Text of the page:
Embodiments of the present invention have described methods of transferring charge to a non-conductive fluid jet to form a stream of droplets. This transfer of charge may also include a transfer of charge to characterize a droplet with a certain charge polarity. The transfer of charge may also include the transfer of charge to stimulate the jet to selectively form droplets of a desired shape, volume or size characteristic. The charge transferred to a non-conductive fluid jet is typically locked-in, unlike a charge that is applied to a conductive fluid jet. For a given level of charging, the arising electrohydrodynamic stimulation as described in embodiments of the present invention, is typically stronger than that of prior art techniques involving an electrohydrodynamic stimulation of conductive fluids.
The strength of the droplet forming stimulation is typically proportional to the internal radial pressure created by the electrohydrodynamic effect on charged regions of non-conductive fluid jet 63. A radial pressure, P due to a charge transferred to a region of jet 63 may be estimated by the following relationship:
By example, for a resulting droplet charge on the order of q=100 fC, a droplet center-to-center distance, S=50 um, and a jet radius, rj=5 um, the radial pressure P on the jet may be estimated to be approximately 230 Pa. This radial pressure value is similar to induced pressures created by prior art EHD droplet stimulation electrodes employed to stimulate conductive fluid jets. However, the stimulation of non-conductive fluid jets as per embodiments of the present invention typically acts on a jet for a greater duration of time than would occur with a similar stimulation of a conductive fluid jet. This extended duration is due to the relative immobility of transferred charge on the non-conductive fluid jet. Therefore, the non-conductive EHD stimulation provided by embodiments of the present invention may be considered to be stronger than that of prior art conductive fluid EHD stimulators.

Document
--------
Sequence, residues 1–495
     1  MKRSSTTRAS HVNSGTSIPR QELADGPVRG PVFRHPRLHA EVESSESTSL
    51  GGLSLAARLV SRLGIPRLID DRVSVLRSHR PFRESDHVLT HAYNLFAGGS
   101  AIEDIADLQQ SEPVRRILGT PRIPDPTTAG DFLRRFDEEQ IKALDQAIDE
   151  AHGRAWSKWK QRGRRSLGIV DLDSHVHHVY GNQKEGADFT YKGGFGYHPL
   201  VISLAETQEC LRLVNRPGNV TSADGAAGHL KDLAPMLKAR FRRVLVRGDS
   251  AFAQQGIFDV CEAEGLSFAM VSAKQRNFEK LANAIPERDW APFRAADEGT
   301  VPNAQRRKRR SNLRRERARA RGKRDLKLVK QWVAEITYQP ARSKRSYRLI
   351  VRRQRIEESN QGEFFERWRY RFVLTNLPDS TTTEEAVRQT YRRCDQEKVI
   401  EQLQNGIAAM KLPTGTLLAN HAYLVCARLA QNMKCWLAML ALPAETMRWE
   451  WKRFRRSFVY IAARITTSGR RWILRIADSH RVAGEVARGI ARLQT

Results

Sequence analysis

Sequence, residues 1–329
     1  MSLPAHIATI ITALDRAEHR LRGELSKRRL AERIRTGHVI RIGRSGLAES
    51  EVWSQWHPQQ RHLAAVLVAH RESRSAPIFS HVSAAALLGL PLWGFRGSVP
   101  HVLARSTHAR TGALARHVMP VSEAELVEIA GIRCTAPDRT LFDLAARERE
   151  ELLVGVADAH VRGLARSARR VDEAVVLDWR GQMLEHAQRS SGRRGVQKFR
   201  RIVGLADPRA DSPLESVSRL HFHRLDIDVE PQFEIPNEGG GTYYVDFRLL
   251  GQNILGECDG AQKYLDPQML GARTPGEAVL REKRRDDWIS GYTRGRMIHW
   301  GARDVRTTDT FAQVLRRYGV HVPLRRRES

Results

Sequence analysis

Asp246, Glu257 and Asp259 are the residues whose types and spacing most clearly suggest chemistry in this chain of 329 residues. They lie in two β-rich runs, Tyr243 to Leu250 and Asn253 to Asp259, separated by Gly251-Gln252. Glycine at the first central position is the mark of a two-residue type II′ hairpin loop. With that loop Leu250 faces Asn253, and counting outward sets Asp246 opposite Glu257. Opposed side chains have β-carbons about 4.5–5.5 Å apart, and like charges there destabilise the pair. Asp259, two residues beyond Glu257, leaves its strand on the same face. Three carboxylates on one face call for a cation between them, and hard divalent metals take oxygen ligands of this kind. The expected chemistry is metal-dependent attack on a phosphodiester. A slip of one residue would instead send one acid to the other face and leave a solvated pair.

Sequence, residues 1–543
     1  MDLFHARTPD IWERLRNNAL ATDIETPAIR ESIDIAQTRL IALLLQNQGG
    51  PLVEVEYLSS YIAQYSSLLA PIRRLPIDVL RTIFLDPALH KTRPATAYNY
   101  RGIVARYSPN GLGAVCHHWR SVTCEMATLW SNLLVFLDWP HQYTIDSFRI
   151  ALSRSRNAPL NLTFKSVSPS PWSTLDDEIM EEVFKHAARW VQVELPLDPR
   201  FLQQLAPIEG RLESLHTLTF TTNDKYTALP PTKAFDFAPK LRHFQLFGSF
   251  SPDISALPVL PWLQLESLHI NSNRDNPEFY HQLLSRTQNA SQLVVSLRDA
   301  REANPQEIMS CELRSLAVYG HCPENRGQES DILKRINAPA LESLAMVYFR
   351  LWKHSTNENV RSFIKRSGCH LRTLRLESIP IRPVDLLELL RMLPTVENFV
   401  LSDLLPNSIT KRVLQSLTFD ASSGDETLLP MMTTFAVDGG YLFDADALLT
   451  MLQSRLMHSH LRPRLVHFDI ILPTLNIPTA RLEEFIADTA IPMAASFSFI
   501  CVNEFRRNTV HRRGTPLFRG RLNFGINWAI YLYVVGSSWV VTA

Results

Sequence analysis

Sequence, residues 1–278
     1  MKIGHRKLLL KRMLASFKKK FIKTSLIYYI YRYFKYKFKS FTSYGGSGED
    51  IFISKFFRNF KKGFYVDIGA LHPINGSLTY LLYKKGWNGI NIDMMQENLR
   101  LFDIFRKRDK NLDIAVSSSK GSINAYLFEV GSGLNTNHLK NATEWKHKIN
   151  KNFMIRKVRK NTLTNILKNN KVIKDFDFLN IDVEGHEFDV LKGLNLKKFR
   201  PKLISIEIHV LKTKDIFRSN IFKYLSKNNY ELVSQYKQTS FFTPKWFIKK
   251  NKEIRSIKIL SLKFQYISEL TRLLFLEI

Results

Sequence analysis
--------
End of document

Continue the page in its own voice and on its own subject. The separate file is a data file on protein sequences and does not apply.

A corresponding upper limit of a potential, V required for the transfer of charge during droplet stimulation of the various embodiments of the present invention may be estimated by the following relationship:
The potential V may be estimated to be 430 volts for the previously example in which q=100 fC, S=50 um, rj=5 um, and wherein rg is additionally taken to equal 1 m. The capacitance value C used to obtain this estimate was based upon the derived capacitance per unit length of the non-conductive fluid jet located in free space inside a large diameter grounded cylindrical surface. Accordingly, this capacitance value may be considered to be a lower limit, and consequently an upper limit for the potential estimated by the above relationship. In actual practice, the capacitance of non-conductive fluid jet 63 with respect to the droplet stimulation electrode 100 is a function of the geometry of the electrode shape, and the position of the electrode 100 near the non-conductive fluid jet 63. The actual capacitance value is typically higher than that of the above estimated capacitance value. Hence, the potential may be much lower than estimated above, especially with a suitable choice of electrode geometry and with an added placement of a nearby ground electrode to further increase the capacitance.
The example embodiment of the present invention illustrated in
The invention has been described in detail with particular reference to certain preferred embodiments thereof, but it will be understood that variations and modifications can be effected within the scope of the invention.
10 fluid supply
12 conductive fluid
13 prior art conductive electrode structure
15 prior art droplet stimulation electrode
17 prior art stimulation signal driver
19 stimulation signal
20 nozzle channel
21 exit orifice
22 prior art conductive fluid jet
24 insulating layers
26 break-off point
30 charge electrode
32 charge electrode driver
34 charged droplets
36 uncharged droplets
38 electrostatic deflection plates
42 receiver surface
50 printing apparatus
54 interior chamber
58 translation unit
60 system controller
62 non-conductive donor fluid
63 non-conductive fluid jet
64 source of pressurized non-conductive donor fluid
65 first direction
66 droplet generation circuit.
70 stream of droplets
72 droplet stimulation signal
72A droplet stimulation signal
72B droplet stimulation signal
74 droplet separation means
100 droplet stimulation electrode